"I was anxious to get back to L.A. so I could talk to the fans," said McCourt, who met with Selig's representatives in New York on Wednesday.
"One thing I want to say -- I'm sorry. I apologize that my personal life spilled over and affected them. I'm sorry about certain lifestyle decisions I made. I'm sorry if I've been the cause of embarrassment for the community, for the team, for the fans. I'm sorry to my boys, my family, and I apologize how they all have had to endure this."
McCourt said he wanted to make his case sooner, but had been asked by his four sons to keep silent about his divorce from Jamie McCourt, his wife of 29 years and the former CEO of the club.
"They asked me not to speak out, and I was good to my word," McCourt said. "Recently they approached me and told me that now it was okay with them to speak out and defend myself. That's why I'm speaking now, and I will continue to do that.
"I recognized that by not talking about it, some fans may think if I wasn't defending myself, I don't care, or I'm arrogant or weak or I don't care about the fans. Nothing could be further from the truth. I care deeply about the fans, about this team and this community. I made a commitment to my sons, and I took that commitment seriously. But I'm really sorry for what transpired, and my goal and focus is to make amends to the fans and community."
McCourt's problems now, however, are more far-reaching than the divorce and Jamie McCourt's claims to half the value of the ballclub.
McCourt is in a cash crunch that he believes would be solved by a media deal he's reached with FOX for as much as $3 billion. But on Wednesday, he was told by MLB officials that the investigation into the club's finances by Schieffer must be completed before the Commissioner decides whether to approve the FOX deal.
A $30 million personal loan McCourt received earlier this month was used to make Friday's payroll -- with Schieffer having final sign-off. McCourt said he still considers the actions of MLB to be a "seizure" of his business, but Schieffer disagreed.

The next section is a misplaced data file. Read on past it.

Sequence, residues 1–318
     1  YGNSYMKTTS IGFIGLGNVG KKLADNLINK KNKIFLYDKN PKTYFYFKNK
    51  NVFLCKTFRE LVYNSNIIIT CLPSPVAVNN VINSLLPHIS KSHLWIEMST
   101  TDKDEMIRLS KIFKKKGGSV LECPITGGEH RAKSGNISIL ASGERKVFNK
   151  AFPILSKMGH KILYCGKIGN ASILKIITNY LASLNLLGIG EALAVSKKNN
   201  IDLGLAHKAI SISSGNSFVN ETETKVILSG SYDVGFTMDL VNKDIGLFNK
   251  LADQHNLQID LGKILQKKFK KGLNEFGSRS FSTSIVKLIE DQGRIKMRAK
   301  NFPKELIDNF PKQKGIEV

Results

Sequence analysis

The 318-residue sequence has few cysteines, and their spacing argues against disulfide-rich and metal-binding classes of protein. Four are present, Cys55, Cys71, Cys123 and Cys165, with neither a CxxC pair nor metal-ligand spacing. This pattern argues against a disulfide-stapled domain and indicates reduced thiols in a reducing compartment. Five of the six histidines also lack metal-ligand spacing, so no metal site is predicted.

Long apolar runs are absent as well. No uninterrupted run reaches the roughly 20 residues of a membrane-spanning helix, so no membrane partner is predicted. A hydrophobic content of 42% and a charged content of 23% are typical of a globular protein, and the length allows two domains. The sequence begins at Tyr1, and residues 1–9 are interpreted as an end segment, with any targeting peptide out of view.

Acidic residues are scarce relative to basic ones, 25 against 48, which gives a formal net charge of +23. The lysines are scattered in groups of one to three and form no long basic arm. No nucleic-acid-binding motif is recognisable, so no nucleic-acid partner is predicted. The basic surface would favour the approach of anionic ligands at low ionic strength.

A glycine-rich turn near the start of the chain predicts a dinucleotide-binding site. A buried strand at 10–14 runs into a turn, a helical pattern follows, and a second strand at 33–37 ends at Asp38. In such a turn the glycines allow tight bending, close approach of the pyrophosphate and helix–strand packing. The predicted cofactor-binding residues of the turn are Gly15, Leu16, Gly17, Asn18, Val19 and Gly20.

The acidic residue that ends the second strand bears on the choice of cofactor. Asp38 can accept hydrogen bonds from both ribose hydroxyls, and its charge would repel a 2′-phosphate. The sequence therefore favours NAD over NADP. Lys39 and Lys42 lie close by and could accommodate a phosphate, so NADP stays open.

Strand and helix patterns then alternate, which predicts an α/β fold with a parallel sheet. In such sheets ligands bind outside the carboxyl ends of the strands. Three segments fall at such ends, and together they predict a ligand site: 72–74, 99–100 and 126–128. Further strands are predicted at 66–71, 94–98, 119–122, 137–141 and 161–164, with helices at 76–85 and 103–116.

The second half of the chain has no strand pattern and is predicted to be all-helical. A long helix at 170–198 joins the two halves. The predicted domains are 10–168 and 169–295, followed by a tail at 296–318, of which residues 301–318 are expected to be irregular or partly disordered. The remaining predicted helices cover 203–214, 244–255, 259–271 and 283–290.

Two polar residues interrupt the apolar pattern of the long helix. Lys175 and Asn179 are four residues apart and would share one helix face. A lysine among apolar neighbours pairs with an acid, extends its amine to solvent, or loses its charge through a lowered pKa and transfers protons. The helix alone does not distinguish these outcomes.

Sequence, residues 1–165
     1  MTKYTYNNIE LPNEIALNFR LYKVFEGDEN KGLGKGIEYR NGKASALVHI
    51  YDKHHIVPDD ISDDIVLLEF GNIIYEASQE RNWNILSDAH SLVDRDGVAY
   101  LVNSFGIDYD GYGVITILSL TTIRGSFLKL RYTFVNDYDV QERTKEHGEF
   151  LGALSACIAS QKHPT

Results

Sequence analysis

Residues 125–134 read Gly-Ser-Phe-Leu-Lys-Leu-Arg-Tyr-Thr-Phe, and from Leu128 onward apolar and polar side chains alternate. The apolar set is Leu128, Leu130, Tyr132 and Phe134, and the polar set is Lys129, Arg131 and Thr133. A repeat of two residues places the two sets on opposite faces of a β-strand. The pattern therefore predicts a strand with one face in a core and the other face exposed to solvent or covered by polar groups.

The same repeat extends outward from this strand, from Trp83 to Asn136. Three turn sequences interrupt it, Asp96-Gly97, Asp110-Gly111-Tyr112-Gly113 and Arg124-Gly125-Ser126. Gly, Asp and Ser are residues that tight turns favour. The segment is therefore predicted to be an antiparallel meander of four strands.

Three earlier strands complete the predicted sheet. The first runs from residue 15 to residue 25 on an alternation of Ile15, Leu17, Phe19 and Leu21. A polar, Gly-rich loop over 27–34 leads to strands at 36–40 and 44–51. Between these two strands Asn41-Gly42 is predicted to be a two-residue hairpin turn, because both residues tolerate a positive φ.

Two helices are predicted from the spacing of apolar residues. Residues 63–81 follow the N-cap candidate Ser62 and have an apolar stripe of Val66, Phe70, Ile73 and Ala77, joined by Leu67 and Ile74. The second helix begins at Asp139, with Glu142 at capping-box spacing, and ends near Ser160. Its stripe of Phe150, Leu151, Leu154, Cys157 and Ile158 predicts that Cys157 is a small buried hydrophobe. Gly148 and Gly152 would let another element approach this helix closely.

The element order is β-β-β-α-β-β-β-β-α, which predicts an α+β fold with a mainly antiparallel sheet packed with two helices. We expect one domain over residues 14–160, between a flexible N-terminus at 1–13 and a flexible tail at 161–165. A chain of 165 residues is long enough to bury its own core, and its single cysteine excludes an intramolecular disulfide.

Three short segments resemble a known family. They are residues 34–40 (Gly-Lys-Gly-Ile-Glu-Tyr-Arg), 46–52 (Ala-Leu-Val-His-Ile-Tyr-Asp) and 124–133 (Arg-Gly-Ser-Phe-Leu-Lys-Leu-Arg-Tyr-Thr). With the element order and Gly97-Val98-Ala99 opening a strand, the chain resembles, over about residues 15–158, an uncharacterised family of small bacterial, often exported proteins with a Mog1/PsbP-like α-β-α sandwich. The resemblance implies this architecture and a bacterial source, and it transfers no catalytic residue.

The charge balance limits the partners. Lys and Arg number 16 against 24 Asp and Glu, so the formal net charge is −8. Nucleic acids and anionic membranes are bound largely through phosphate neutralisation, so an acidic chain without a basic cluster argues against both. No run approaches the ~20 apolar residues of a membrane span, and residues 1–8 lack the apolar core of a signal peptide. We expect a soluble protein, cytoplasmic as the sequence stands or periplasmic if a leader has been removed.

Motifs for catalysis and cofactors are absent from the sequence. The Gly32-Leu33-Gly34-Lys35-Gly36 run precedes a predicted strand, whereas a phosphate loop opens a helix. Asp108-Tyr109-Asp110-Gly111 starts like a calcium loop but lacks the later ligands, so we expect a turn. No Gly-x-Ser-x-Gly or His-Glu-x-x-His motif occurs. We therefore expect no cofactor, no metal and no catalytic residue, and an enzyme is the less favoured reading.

Asked if Schieffer would have considered it a seizure if MLB had come in and monitored his operation of the Rangers, he said no.
"Major League Baseball has not seized anything," said Schieffer, a lawyer and former U.S. ambassador to Australia and Japan. "Frank McCourt is still owner of the Los Angeles Dodgers. The Commissioner acted under the "best interests of baseball" clause and sent me to do an investigation and monitor the franchise. We're trying to ensure that the difficulties encountered here don't increase and have a bigger impact on the future of the franchise. A seizure is different than what is going on here."
Schieffer said his meeting with McCourt was a good one. Schieffer said there's been a change since McCourt's confrontational tone in Wednesday's press conference.
"He prefers I wasn't here, but I think we've come a long ways in a couple of days here," he said. "He understands better why I'm here and what I'm trying to do."
That comment came as a surprise to McCourt.
"Nothing has changed regarding my position," McCourt said. "I made it clear to him I don't understand his role and responsibilities, and we agreed to talk further. That said, we're going to cooperate because we want to get through this so-called investigation as soon as possible. The investigation is going to show, as we've told Major League Baseball for the better part of a year, that in 2011 the organization had significant cash obligations, and we addressed all of that with this media transaction that is ready to be signed. It should have been closed by the end of last year."
Schieffer said he explained to Colletti that the baseball operations department will continue to operate as it has, but Schieffer will have final sign-off for anything that surpasses the existing budget.
"I had a very good meeting with Ned," he said. "He was unsure. It was the right thing to do."
Schieffer said he will be assisted in his monitoring of the Dodgers by John McHale Jr., MLB's vice president of administration who has held high-ranking roles with Tampa Bay, Colorado and Detroit.
Asked what his exit strategy was, Schieffer said: "We will conduct a full investigation, identify problems, follow through and at some point be satisfied we've got the facts. I'll make a judgment, and report back and tell them about the options."